Here is what I learned amid that conversation. Not one of the people at that table had read a peer-reviewed piece of research related to their product or service in the last twelve months. In fact, when I mentioned a few studies that seemed related to their companies, they didn’t know about most of them. In fact, some at the table looked like they were learning about this new treasure trove of ideas to inform their work. “Well, do you have someone on your staff who stays upon on the research?” Two of the companies did not. The third had a PhD in something like neuroscience and cognitive psychology who served as the chief learning officer or a similar title to denote their role in directing the educational soundness of the product.
Then I asked about the research that they’ve conducted or had others conduct on the effectiveness of their products/services. What does it do to improve student engagement, student learning, student something? One startup had a ton to share on that front, explaining how they used an approach that sounded very much like IDEO’s empathetic design thinking, sort of a blend of participant ethnography and action research. It was brilliant, and I loved hearing how their product/service was built, from the ground up, based upon the real-world needs of students. In addition to the design process, they had an independent researcher currently gathering data in the impact of their product/service. The other two didn’t say much. They talked a little bit about user satisfaction and how their product “makes things easier for the teacher or student.” They had done market research, but they didn’t seem to have much evidence to support the claims that what they were selling was genuinely good for educators, schools or students. I’m not suggesting that they didn’t have support. They did. Both of the other products/services made intuitive sense. They were things that seemed like they would generally be good.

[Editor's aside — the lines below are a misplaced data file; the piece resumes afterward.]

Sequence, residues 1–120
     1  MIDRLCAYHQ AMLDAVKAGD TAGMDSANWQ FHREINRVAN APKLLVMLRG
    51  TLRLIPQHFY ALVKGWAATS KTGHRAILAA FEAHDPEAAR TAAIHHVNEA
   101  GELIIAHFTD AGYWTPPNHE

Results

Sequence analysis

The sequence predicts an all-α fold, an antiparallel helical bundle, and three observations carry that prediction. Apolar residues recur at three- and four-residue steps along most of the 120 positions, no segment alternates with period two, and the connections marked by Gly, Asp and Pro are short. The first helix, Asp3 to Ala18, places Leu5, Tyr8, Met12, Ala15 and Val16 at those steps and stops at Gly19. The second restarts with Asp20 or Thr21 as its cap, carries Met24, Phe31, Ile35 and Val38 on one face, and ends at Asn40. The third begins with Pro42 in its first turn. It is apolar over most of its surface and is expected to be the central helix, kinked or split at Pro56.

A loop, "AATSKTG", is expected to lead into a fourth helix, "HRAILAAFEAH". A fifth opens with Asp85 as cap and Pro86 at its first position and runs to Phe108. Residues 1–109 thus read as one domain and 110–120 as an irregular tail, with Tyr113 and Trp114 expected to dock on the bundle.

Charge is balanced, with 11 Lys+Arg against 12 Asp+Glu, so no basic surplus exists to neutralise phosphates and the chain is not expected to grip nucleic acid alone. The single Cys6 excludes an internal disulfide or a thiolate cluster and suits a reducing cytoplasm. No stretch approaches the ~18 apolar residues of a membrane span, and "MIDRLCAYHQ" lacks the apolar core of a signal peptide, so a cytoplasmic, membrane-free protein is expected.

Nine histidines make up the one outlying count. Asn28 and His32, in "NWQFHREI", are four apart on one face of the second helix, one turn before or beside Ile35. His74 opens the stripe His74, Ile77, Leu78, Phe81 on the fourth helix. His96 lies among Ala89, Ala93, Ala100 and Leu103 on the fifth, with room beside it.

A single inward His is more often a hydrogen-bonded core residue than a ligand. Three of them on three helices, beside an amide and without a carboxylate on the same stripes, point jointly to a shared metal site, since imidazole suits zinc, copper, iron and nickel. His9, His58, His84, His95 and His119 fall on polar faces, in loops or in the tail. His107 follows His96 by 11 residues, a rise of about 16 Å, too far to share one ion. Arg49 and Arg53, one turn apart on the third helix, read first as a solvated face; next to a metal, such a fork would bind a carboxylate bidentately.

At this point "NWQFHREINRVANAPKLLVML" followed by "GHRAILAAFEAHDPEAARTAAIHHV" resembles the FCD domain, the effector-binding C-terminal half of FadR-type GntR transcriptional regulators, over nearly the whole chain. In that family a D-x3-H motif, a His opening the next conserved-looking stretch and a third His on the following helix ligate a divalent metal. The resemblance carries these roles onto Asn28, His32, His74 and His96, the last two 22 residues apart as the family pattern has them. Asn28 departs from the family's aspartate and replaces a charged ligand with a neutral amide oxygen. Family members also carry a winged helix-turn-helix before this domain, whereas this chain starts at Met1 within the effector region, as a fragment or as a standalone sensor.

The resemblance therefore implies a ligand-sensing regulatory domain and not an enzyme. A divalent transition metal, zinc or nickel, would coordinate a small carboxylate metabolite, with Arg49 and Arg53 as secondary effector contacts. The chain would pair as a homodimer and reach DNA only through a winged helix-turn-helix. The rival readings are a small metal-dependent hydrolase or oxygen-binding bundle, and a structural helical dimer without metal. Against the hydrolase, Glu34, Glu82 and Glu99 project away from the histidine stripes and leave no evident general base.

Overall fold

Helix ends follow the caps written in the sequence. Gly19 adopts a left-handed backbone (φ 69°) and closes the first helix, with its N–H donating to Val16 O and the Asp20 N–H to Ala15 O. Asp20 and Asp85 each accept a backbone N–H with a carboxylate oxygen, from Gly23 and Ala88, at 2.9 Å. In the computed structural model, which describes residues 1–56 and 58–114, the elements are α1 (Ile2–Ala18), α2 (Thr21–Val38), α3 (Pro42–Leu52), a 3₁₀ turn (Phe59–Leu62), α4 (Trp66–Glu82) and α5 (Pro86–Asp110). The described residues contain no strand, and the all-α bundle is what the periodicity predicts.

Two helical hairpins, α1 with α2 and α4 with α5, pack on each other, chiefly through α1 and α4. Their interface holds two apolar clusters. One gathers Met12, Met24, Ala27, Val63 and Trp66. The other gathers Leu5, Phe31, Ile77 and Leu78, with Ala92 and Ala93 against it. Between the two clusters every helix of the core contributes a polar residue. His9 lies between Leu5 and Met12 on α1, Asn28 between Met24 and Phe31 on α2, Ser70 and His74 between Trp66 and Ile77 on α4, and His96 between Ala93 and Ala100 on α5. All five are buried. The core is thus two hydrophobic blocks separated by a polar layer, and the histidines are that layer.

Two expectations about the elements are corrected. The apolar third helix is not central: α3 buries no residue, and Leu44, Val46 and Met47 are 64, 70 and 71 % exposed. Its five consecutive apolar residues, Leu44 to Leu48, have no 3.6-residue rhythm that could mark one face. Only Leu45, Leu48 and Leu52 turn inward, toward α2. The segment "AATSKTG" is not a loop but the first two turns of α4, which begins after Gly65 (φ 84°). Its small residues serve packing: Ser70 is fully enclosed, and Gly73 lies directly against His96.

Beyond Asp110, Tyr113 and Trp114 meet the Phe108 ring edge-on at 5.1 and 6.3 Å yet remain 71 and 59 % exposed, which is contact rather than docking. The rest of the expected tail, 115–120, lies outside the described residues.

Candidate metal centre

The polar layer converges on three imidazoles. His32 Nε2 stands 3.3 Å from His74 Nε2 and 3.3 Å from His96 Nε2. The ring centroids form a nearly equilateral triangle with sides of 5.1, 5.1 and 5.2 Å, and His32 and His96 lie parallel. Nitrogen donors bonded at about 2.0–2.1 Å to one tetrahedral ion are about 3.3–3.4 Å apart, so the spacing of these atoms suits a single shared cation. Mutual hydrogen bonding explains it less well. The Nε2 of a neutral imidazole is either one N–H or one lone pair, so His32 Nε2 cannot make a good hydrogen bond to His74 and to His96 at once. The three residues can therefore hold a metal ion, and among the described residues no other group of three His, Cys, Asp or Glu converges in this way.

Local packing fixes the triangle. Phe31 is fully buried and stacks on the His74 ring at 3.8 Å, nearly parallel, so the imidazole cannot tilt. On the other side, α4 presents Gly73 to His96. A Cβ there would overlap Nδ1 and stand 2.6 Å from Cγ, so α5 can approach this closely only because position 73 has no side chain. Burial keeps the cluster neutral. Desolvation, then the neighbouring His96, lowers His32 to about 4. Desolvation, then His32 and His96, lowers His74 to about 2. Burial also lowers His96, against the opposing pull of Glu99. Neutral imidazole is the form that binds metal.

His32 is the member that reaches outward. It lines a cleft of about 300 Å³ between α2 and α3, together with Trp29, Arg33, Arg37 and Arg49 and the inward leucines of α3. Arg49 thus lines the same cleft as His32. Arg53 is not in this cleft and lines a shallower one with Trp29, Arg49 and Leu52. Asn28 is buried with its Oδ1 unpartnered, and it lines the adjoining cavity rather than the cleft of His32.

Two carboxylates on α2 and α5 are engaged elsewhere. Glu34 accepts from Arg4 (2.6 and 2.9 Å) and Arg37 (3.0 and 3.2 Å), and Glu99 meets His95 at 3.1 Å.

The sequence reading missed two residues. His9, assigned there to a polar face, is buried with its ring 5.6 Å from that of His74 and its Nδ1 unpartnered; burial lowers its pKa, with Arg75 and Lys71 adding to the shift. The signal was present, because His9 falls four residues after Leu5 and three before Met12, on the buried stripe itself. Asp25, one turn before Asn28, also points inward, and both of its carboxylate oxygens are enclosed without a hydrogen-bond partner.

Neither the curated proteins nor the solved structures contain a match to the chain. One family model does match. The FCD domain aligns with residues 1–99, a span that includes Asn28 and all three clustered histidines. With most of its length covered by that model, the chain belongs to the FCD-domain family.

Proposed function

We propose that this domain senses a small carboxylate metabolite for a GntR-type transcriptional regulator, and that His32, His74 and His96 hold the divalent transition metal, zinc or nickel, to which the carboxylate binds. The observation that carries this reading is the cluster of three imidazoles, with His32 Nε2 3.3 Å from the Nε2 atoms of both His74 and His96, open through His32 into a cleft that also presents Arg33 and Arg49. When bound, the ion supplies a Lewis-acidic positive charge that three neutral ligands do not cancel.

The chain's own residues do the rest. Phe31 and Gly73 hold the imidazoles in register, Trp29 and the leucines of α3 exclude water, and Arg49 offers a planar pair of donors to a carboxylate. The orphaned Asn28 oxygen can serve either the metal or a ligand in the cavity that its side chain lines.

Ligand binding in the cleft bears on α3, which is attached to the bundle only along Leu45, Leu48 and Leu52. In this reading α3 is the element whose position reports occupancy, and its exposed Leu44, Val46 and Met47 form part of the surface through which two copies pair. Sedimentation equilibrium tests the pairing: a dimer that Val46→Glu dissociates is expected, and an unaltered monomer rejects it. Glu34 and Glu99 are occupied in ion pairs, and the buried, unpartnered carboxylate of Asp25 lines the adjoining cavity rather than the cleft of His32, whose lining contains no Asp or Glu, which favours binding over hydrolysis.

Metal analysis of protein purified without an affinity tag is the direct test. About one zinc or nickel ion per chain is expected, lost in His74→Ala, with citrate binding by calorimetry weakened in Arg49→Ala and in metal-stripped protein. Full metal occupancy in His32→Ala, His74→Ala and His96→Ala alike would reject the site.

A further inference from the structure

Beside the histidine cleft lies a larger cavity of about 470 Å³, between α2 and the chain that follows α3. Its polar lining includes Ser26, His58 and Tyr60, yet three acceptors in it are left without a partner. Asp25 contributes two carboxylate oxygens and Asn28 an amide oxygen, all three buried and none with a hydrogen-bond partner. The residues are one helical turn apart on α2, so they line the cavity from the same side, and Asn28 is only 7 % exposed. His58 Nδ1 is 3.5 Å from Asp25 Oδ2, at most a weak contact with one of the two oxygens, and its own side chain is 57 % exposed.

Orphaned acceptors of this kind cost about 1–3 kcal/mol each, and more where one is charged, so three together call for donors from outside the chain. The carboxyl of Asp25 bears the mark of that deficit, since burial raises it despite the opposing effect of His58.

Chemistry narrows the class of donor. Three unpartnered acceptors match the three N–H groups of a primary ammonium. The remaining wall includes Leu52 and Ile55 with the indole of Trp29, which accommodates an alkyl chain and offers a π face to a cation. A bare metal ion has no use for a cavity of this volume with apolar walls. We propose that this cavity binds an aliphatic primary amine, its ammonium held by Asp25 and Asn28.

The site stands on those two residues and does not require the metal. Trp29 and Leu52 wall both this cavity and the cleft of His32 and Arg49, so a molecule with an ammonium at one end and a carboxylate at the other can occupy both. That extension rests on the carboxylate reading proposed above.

Is our gut enough when we are spending billions on proposed educational technology interventions to educational problems, when we are asking school leaders to invest massive amounts of tax dollars in these products and services? As I’ve written before, having a business in the education sector raises the bar for you. You are part of a social entrepreneurship movement whether you are formally a non-profit or for-profit. It seems to me that this is a call for doing research and/or analysis to find out what is working and what is not. At least get to know resources like the What Works Clearinghouse.
Before this comes off as a lecture to education startups (too late?), I should look back at those of us in educational institutions as well. How many educators and administrators consistently read scholarly research about education? I’m talking about the people who are identified as the professionals. The truth of the matter is that many educational decisions in schools are not informed by current research nor are there strong plans to analyze ongoing data to help adjust what they are doing. Look at the Common Core adoption around the United States. The adoption of this new set of standards was done without a even running a full pilot or field test. I’m not arguing for or against CC, but we would think that something that big would include a plan, from the start, to make sure it was truly shaped by the best research and tested in an ongoing way. Or what about the testing culture in education? What does the research say about it? What about 1:1 programs, new literacy programs, math curricula, and STEM programs? What about the impact of a college education? There is research in these areas, but most of us don’t read it or use it. So, can we blame education startups for following the same pattern? The field of education continues to have a fascinating anti-educational approach to quite a few things.
I realize that there are philosophical battlegrounds in what I’m writing here. It is not as simple as asking if you read the research and conducted studies to determine impact. Nonetheless, promoting a growing culture of evidence-based practice would be a great start for us in 2015 and beyond. I’m not even arguing that we have to do all the research upfront, just that we try to stay modestly informed about past research and strive to collective and analyze evidence on our products, services, methods, and strategies.